Insurance Premium Audits

Many business insurance policies are subject to audit by the insurance company.  Initial premiums are calculated from revenue, payroll or other estimates. These estimates can change and, no surprise, the insurer wants more premium!

What can go wrong?

  1. Revenue and payroll estimates can go up or down. While they’ll want additional premium for “up,” you’ll almost never get a return for “down.”  So, Rule #1 is always be conservative in your initial estimates.
  2. Certain types of work are excluded from your policy coverage – for example construction work when an owner or General Contractor (GC) provides coverage under an Owner-Controlled Insurance Program (OCIP).  Because your insurer doesn’t cover you here, you should not report revenue or payroll from these jobs.  Rule #2 is be sure to segregate your revenue and payroll for non-covered jobs.  Get detailed advice – in advance – from your insurance professional.
  3. Workers’ Compensation (WC) insurers often mail an audit form with no instructions.  If business owners have “opted out” of the WC coverage, then do NOT include these salary dollars in your audit submission.  If you have overtime to report, note that you only report “straight time” salaries for these hours.  The insurers’ audit department won’t read your policy; they’ll just send you an invoice for all these additional salaries.  Rule #3 is carefully differentiate your payroll system so you can easily pull out these salaries and not over-report.  Again get some professional advice!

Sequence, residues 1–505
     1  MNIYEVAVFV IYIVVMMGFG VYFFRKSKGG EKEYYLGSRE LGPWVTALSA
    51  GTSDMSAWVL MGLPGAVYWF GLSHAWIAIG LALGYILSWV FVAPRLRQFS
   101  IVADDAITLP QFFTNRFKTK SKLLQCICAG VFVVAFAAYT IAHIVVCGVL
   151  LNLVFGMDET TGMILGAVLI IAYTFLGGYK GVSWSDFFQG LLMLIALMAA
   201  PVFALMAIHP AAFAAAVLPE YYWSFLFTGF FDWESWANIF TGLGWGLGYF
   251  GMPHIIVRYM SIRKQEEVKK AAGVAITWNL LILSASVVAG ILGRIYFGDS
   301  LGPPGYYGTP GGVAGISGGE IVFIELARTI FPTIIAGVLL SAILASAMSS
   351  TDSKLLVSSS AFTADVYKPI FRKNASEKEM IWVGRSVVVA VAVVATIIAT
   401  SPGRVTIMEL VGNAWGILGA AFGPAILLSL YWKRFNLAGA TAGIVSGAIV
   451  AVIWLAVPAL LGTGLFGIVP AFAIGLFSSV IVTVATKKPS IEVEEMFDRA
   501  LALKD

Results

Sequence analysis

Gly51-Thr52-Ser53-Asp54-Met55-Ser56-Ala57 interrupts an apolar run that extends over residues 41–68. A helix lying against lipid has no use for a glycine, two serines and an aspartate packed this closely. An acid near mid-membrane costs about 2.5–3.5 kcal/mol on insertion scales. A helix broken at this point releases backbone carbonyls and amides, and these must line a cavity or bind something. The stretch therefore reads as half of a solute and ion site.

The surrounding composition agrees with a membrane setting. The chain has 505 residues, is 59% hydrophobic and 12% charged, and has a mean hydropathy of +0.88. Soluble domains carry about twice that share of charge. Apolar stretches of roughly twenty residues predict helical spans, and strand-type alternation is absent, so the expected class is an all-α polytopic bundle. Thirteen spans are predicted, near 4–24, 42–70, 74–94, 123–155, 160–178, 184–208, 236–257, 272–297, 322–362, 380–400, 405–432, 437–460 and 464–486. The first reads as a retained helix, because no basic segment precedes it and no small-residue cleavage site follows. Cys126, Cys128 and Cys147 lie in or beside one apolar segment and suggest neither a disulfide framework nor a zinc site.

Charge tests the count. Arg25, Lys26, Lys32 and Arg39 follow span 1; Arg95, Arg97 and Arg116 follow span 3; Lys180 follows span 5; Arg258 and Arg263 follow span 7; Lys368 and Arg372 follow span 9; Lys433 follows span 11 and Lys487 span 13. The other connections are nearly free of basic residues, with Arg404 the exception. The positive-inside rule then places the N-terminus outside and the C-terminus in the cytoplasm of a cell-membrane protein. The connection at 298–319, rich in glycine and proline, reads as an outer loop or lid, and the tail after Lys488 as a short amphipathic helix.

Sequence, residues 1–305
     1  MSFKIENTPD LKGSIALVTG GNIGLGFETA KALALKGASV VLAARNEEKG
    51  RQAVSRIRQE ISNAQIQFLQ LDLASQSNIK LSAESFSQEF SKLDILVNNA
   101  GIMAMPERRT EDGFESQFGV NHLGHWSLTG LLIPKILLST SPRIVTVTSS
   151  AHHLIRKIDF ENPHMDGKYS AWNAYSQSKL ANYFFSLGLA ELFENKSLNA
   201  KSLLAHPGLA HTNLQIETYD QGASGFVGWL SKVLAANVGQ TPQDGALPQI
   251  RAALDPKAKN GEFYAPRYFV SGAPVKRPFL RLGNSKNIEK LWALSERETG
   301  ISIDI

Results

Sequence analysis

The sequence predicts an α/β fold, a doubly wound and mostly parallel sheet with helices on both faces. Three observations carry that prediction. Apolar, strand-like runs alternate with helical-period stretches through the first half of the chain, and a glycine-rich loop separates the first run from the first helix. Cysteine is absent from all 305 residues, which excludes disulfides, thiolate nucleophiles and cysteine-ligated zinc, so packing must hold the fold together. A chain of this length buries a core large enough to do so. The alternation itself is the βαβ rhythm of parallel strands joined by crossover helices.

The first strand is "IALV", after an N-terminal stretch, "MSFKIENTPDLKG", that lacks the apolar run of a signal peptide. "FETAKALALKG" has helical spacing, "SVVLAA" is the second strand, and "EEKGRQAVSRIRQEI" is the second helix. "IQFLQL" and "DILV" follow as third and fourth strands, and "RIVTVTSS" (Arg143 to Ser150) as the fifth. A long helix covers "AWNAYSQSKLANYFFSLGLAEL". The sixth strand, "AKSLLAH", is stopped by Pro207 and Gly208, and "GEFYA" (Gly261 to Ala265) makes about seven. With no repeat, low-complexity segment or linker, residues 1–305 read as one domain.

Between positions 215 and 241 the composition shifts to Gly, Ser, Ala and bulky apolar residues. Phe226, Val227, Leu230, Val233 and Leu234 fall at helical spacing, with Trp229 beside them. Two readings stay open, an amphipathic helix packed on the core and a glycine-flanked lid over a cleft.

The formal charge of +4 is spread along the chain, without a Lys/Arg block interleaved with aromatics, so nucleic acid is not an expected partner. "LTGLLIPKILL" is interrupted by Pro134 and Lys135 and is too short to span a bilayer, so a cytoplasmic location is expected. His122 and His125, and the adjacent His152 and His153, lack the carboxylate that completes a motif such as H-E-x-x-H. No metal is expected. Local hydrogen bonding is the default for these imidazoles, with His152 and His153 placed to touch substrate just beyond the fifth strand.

4. Another type of WC audit can be a killer if you’re not prepared.  State rating organizations (like the WCIRB in CA) are beginning to aggressively visit workplaces and interview employers and employees.  They want to know exactly what work is being performed and who’s doing what.  They can and will assign the most “dangerous” (and expensive) classification if they think something is amiss.  This can mean thousands in additional – and retro-active premiums.  Rule #4 is know your classifications, have up-to-date job descriptions and make sure employees understand them.  Don’t assign the receptionist to pick up FedEx packages in the warehouse, for example:  she or he will no longer be “clerical.”
  5. Finally, note that insurers often use sub contractors to do premium audit work and they get paid based on the number of audits they perform.  That can mean they move quickly, don’t give a lot of explanations, often take the first (or largest) numbers they see, make their calculations, and move on.  Rule #5 is do not leave the auditors alone with your books or files!  Ask questions, provide only the specific answers they need and get copies of their worksheets before they leave.  This isn’t hard, but if you’re inexperienced, get your broker or risk manager to sit in on the meeting and provide guidance.

Have you had experiences like these – or others?  What were the outcomes?  Do you think you got a fair shake?

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By | 2012-09-11T05:00:04+00:00 September 11th, 2012|Risk Management and Assessment|2 Comments

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2 Comments

  1. Charles T. Wilson September 22, 2012 at 6:00 pm - Reply

    That’s a great suggestion, Corri. International exposures are increasing and adjusting to separating them from domestic US exposures is definitely a best practice.

  2. Corri F.DiBagno September 11, 2012 at 8:46 am - Reply

    Charles:

    These are all very excellent points. I might suggest to those buyers that have foreign sales/payroll, they purchase specific International cover for those exposures i.e. a Foreign C.G.L. policy. In this manner, those sales can be segregated from total sales and in many cases are not subject to audit. The insured will reduce their domestic rate base, purchase a policy that will respond to non-U.S. exposures, usually at a reduced premium level, and save on their US based operations.

    Corri F.DiBagno

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